Pak­istani text­books prop­a­gate a di­vi­sive ide­ol­ogy where Mus­lims are al­ways he roic and Hin­dus in­vari­ably di­a­bol­i­cal

India Today - - SIGNATURE - Ru­bina Saigol The au­thor is an in­de­pen­dent re­searcher in de­vel­op­ment, na­tion­al­ism and the state. She is based in Lahore.

An ex­plo­ration of his­tory text­books pro­duced by the state over the past six decades re­veals a num­ber of rhetor­i­cal and nar­ra­tive de­vices used to con­struct a par­tic­u­lar pic­ture of the past. While most of the text­books were al­tered by suc­ces­sive gov­ern­ments in power to suit their spe­cific per­spec­tives, cer­tain fea­tures re­mained con­stant across time pe­ri­ods and in­di­cate the need to per­pet­u­ally re­it­er­ate the dom­i­nant state ide­ol­ogy which has been re­sis­tant to change.


The story of the two nations, Hin­dus and Mus­lims, as two eter­nally op­posed, in­im­i­cal en­ti­ties in­ca­pable of ever rec­on­cil­ing is the most prom­i­nent fea­ture of Pak­istani of­fi­cial text­books. This story, based on Pak­istan’s foun­da­tional mythol­ogy, be­decks the pages of ev­ery his­tory and so­cial stud­ies book ever pro­duced. It usu­ally be­gins with laments of Hindu mis­treat­ment of Mus­lims, goes on to the mercy and for­give­ness of Mus­lim rulers, then high­lights the al­legedly im­mutable Hindu ten­dency to­ward cheat­ing, trick­ery and de­ceit, and ends with the ul­ti­mate Mus­lim tri­umph through val­our, hon­esty and moral­ity. Each reli­gious group is ho­mogenised as no in­ter­nal dif­fer­ences among Hin­dus or Mus­lims are men­tioned ( eli­sion) and the rea­sons for all con­flicts are lo­cated in char­ac­ter ( moral Mus­lim, im­moral Hindu), con­spir­acy the­ory, and pri­mor­dial and eter­nal char­ac­ter­is­tics. Since no eco­nomic, so­cial, po­lit­i­cal or his­tor­i­cal dy­nam­ics and causes are men­tioned, there is no His­tory in this his­tory. It is a bi­nary good/ bad, moral/ im­moral story some­what like an epic tale in which good bat­tles evil and ul­ti­mately con­quers all.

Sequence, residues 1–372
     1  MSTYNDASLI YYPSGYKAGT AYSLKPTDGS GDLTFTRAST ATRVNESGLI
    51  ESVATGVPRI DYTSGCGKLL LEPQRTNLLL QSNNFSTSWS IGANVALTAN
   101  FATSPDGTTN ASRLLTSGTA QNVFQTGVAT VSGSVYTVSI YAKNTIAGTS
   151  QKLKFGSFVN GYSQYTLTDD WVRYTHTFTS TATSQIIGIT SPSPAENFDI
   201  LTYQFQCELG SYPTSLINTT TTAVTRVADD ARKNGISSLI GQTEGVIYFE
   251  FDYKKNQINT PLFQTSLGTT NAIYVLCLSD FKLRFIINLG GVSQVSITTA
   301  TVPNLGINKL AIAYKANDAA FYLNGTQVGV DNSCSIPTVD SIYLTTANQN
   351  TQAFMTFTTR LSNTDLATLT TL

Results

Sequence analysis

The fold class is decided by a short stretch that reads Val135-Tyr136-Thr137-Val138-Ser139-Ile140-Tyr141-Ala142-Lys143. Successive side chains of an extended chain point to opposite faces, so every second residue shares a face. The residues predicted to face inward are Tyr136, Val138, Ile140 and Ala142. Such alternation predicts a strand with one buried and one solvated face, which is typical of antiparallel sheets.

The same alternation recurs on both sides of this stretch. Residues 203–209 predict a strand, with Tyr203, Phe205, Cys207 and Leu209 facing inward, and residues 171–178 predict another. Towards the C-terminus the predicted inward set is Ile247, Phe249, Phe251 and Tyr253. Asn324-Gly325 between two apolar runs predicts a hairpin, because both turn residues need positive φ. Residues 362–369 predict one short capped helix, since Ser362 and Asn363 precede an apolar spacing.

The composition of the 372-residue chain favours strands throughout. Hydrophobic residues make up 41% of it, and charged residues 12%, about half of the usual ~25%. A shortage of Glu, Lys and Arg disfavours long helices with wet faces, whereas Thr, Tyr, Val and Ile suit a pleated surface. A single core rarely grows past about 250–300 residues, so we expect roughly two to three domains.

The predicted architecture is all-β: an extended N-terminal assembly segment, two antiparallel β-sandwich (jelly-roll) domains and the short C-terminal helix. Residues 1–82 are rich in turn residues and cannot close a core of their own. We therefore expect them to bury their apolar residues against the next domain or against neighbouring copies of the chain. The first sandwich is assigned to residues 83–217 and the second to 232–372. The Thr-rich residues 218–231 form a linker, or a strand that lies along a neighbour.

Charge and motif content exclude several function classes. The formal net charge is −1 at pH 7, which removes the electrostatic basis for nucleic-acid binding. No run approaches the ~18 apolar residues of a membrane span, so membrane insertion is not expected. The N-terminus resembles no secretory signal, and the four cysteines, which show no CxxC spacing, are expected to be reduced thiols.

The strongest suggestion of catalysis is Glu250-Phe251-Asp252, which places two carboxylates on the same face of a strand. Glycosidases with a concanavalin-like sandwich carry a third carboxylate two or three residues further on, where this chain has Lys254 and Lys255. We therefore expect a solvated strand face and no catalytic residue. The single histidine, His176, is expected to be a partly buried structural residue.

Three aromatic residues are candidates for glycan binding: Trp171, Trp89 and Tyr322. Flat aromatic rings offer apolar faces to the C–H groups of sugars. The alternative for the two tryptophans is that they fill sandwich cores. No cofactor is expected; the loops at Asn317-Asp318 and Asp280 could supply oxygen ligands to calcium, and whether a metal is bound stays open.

The moral/ im­moral di­chotomy is set up through the fairy­tale con­struc­tion of time since real time pe­ri­ods are sel­dom men­tioned. The tech­nique used is the be­fore/ af­ter division of time. Sev­eral text­books men­tion In­dian and Arab so­ci­ety “Be­fore Is­lam” and de­scribe these so­ci­eties as steeped in all kinds of evil cus­toms and prac­tices. Very of­ten the two so­ci­eties are con­flated and the reader can hardly sep­a­rate them con­cep­tu­ally. Be­fore the ad­vent of Is­lam the rule of im­moral­ity is ram­pant; once Is­lam is in­serted, the so­ci­eties be­come cleansed and pu­ri­fied. Af­ter the ad­vent of Is­lam, false idols are de­stroyed and Is­lam re­places all so­cial vices like caste sys­tem, idol wor­ship, sati and in­fan­ti­cide with good, moral prac­tices and wor­ship of the one true God. These so­ci­eties ex­ist in myth­i­cal time as ac­tual his­tor­i­cal pe­ri­ods are not men­tioned.


Just as time is di­vided by re­li­gion into be­fore and af­ter, space is also di­vided into the moral Mus­lim space and the im­moral Hindu space. The moral di­men­sion refers to both sa­cred and sec­u­lar spa­ces. This division is achieved through con­trasts of Hindu tem­ples with Mus­lim mosques. The tem­ples are de­scribed as dark, nar­row and closed with vague sug­ges­tions that some­thing il­licit is oc­cur­ring, while the mosques are de­scribed as open, well- lit spa­ces where all re­la­tions are licit and a le­git­i­mate god is be­ing wor­shipped. Sim­i­lar de­scrip­tions char­ac­terise Hindu homes ver­sus Mus­lim homes wherein the for­mer are com­pli­cated, labyrinthine and nar­row while the lat­ter are straight­for­ward and open. The de­pic­tions seem to sug­gest that there is some­thing twisted and con­vo­luted about Hindu ar­chi­tec­ture as op­posed to the straight and lin­ear Mus­lim ar­chi­tec­ture. Mus­lim space is ul­ti­mately ex­panded to cre­ate a myth­i­cal place called ‘ the Mus­lim world’ and chap­ters that fol­low de­scribe ‘ seas of the Mus­lim world’, ‘ moun­tains of the Mus­lim world’ and ‘ cli­mate of the Mus­lim world’. Ge­og­ra­phy faith­fully fol­lows ide­ol­ogy in­stead of nat­u­ral laws gov­ern­ing phys­i­cal fea­tures.